Photographer and activist Kwame Brathwaite got his start documenting jazz music uptown in the 1950s. “Jazz set the rhythm of his work;” his photos captured the syncopated rhythms, the elasticity of sound, and the spirit of improvisation. “[Jazz] is a feeling, a drive, an emotion that can be totally captivating. I have tried to capture that same feeling in my work,” writes Brathwaite in his upcoming book, Black Is Beautiful, which is pegged to the first major retrospective of his work.
Brathwaite was from a Caribbean background but grew up in the Bronx. Coming of age in the era of “separate but equal,” he was determined to use his art to elevate depictions of black life in the Bronx and Harlem, and soon fell in with a group of unapologetically black young artists known as the Garveyites. (The name came from the early-1900s political leader Marcus Garvey, who sought to unify people across the African diaspora.) The Garveyites formed a club called African Jazz-Art Society (AJAS) to promote a “Think Black” message they expressed through political action and self-presentation, adopting Yoruba, Akan, and Ashanti names and dressing in African-inspired garments.
As part of this new Black Nationalist Movement, AJAS recruited women, mostly from Harlem, to showcase their natural hair. At the time, it was rare for black women to be seen with Afros, but the “Grandassas” — a name derived from the word “Grandassaland,” which the black nationalist Carol Cooks coined to describe the African continent — wanted to be role models as well as fashion models.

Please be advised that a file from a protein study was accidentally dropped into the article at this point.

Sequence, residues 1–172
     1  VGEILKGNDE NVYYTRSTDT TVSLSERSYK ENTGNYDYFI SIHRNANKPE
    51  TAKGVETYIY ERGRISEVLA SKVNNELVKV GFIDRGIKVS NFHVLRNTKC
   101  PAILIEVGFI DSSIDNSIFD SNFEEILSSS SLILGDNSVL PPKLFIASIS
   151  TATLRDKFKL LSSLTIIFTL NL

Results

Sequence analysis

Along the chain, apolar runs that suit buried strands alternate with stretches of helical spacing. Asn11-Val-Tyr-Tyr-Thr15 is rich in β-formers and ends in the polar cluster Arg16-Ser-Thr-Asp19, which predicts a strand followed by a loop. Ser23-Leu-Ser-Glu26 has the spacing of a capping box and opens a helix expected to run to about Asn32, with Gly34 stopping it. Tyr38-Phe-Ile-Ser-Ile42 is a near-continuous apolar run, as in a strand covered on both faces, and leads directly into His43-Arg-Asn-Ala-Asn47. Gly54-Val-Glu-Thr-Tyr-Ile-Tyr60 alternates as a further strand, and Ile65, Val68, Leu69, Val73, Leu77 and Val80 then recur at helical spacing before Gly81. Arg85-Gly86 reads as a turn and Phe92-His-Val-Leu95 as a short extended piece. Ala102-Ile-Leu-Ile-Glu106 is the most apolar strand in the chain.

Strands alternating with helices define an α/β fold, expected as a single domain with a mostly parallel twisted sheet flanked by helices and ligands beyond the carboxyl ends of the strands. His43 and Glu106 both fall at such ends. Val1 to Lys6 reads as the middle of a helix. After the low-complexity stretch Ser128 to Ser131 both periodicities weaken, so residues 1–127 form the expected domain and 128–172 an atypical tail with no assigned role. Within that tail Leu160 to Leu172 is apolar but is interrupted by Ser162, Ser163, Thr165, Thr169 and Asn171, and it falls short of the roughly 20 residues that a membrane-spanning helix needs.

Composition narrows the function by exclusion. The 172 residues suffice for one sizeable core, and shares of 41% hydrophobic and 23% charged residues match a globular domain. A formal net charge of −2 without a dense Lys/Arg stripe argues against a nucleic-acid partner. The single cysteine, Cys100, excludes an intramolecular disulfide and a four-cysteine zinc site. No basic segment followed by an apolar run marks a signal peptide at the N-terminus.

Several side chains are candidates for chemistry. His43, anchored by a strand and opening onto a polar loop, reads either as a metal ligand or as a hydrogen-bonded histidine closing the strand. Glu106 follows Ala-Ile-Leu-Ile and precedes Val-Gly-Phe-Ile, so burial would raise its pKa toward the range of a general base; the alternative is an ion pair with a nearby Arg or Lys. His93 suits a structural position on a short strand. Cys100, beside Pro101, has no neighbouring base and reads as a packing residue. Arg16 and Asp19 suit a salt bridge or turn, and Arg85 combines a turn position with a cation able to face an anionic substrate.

As Africana studies professor Tanisha C. Ford explains in the book: “The models ranged in complexion from light brown to medium brown to dark chocolate; most had full lips and noses; all had curvy figures that proclaimed onstage the difference in black and white America perceptions of the ideal body type.”
Brathwaite, she writes, had a specific vision: “He wanted viewers to see the range of shades of black skin; the vibrant colors of the garments; the red, green and black of the Pan-African liberation flag.” He used his images as a protest against publications that only featured lighter-complexioned, straight-haired black models.
Brathwaite helped to transform AJAS from a collective of creative teenagers into a group of businessmen and women “who could ‘sell’ their vision of blackness to an international audience.” Looking at his work now, it’s easy to be reminded of the current renaissance among black creatives — you can imagine contemporary young photographers like Yagazie Emezi, Andre D. Wagner, or Tyler Mitchell as part of his group, working with modern models like Adwoa Aboah and stylists like Mecca James-Williams.
The first-ever major exhibition of Brathwaite’s work will be at the Skirball Cultural Center in Los Angeles from April 11 through September 1, 2019, and the book comes out May 1. Until then, scroll down for a look at some of Brathwaite’s work channeling the power of art, music, and fashion.